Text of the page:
Thank you, Andy Warwick! I’m leaving the following article online, just so I remind myself how much time I wasted on this. However, the comment from Andy (#9 in the chain) pointed me to what I was doing wrong. So for anyone who hasn’t imported their email yet, the trick to using the Mail for OS X import function is this: simply point it to your old user’s Library/Mail folder, no deeper.
I still think Apple’s language could have been clearer (see my #10 comment), but I retract the other nasty things I said about the import routine. When pointed at the correct folder (I just tested it), it worked like a charm. Good job, Mail team. Now how about making the import screen read simply “Please navigate to the previous Mail folder”?
This is a follow-up to my The Art and Science of OS X System Upgrades article. I’m (still) in the process of upgrading my main drive, having just finished migrating my email archives last night. Why did it take so long? User stupidity plus, in my opinion, some poor functionality in 10.4’s Mail import routines.
As noted in the earlier article, I had chosen to do an upgrade install on my main drive, but to not automatically copy over my user’s folder (due to all the cruft in it). It was this decision that ended up costing me many hours of email migration labor. Why, you might ask, did it take so long?
After I got 10.4 up and running, before doing much of anything else, I launched Mail and set up my two primary accounts, just so I could keep up with email while doing the rest of my work. Mail may have asked me about importing old email when I first launched it, but I don’t think it did — my ~/Library/Mail folder was empty, since I hadn’t moved the old Mail folders over. Apparently if you allow the user information to migrate, Mail will automatically import your old Mail messages. Ah, I should be so lucky…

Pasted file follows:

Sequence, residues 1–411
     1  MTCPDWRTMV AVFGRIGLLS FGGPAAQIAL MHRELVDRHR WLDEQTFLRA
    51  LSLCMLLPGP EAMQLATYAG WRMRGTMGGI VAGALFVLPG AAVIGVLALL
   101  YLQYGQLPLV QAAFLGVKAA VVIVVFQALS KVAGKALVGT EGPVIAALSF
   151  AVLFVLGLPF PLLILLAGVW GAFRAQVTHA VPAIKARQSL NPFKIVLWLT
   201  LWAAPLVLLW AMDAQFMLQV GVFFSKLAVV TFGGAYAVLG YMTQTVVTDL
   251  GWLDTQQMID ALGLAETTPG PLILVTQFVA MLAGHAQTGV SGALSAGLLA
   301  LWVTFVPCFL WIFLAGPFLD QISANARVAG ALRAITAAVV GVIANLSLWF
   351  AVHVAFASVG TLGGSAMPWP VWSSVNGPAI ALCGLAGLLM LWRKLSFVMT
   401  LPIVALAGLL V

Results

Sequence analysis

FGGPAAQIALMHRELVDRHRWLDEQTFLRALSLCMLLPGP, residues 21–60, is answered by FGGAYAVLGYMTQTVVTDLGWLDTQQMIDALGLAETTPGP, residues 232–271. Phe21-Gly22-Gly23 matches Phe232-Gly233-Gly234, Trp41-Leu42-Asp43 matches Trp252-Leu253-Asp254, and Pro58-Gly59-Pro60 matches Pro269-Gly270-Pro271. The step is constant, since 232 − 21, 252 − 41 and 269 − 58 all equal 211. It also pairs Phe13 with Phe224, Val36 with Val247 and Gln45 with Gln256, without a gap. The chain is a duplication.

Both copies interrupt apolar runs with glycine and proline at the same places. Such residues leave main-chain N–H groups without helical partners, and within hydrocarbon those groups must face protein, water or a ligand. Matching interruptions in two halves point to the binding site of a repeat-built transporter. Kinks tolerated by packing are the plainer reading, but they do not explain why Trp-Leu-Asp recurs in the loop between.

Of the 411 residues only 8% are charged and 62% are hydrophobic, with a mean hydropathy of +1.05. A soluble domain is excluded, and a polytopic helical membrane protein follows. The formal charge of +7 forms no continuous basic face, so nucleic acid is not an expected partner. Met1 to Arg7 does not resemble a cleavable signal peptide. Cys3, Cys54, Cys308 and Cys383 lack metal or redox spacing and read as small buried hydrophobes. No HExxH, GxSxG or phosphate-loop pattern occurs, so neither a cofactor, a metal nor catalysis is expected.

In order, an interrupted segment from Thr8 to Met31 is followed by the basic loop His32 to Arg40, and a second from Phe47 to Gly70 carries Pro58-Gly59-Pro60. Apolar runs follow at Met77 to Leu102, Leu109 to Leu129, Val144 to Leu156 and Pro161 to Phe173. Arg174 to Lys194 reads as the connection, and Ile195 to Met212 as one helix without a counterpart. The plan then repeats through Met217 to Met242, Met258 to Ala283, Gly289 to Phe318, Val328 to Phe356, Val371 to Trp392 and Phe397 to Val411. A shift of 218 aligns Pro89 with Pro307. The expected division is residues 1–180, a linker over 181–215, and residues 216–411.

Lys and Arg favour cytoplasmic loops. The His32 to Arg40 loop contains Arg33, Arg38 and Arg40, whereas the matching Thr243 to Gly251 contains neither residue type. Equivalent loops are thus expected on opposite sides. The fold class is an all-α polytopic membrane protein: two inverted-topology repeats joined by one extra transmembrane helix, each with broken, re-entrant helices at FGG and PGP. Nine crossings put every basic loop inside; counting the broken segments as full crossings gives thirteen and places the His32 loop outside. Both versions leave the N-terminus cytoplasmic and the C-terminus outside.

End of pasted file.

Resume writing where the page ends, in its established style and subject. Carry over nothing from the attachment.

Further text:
So I went merrily about my business, setting up my accounts. Once that was done, it was time to start the (very large) import. So I went to the File: Import menu option, selected Mail for Mac OS X, and then navigated down to the mailboxes in my 10.3 Mail folder. When I selected one and clicked Go, however, I was greeted with a message:
How odd, I thought, given that I was trying to import messages from the 10.3 version of Mail.app. Nothing I could do seemed to make this menu item function. Apparently, and this is what I consider to be very poor functionality, the “Mail for Mac OS X” import item is only useful if you have messages from another 10.4 version of Mail. If someone can prove me wrong, I’d love to hear about it — even though I’ve spent the time now to finish the project.
Instead I had to use the Other import option, which required individually pointing to every single one of my archived mail folder — I have over 60 folders, so this was a non-trivial task. Each time you run an import, Mail creates a new Import-X folder for you, where the “X” is an increasing number. Inside of that is a folder called mbox, which contains the imported messages. So for each of the 60+ folders, I had to do an import, rename the mbox folder, move the mbox folder to its new home, and then delete the Import folder (and, of course, wait for the import of each mailbox). Needless to say, it took a long time to do this. I spread it out over three evenings, probably spending about three or four hours on it in total. Now that it’s done, hopefully someone will comment about some nifty workaround I could have used, and then we’ll have a hint for the main site :). The only hint there now is basically to do what I did — use Other to import old Mail messages.
I’m not sure why the Mail team didn’t consider that people might wish to import their old messages at a time other than the first run of the new Mail; that seems like a glaring oversight to me. Ah well, at least it’s done now. Time for PHP, MySQL, Geeklog, and the local copy of hints!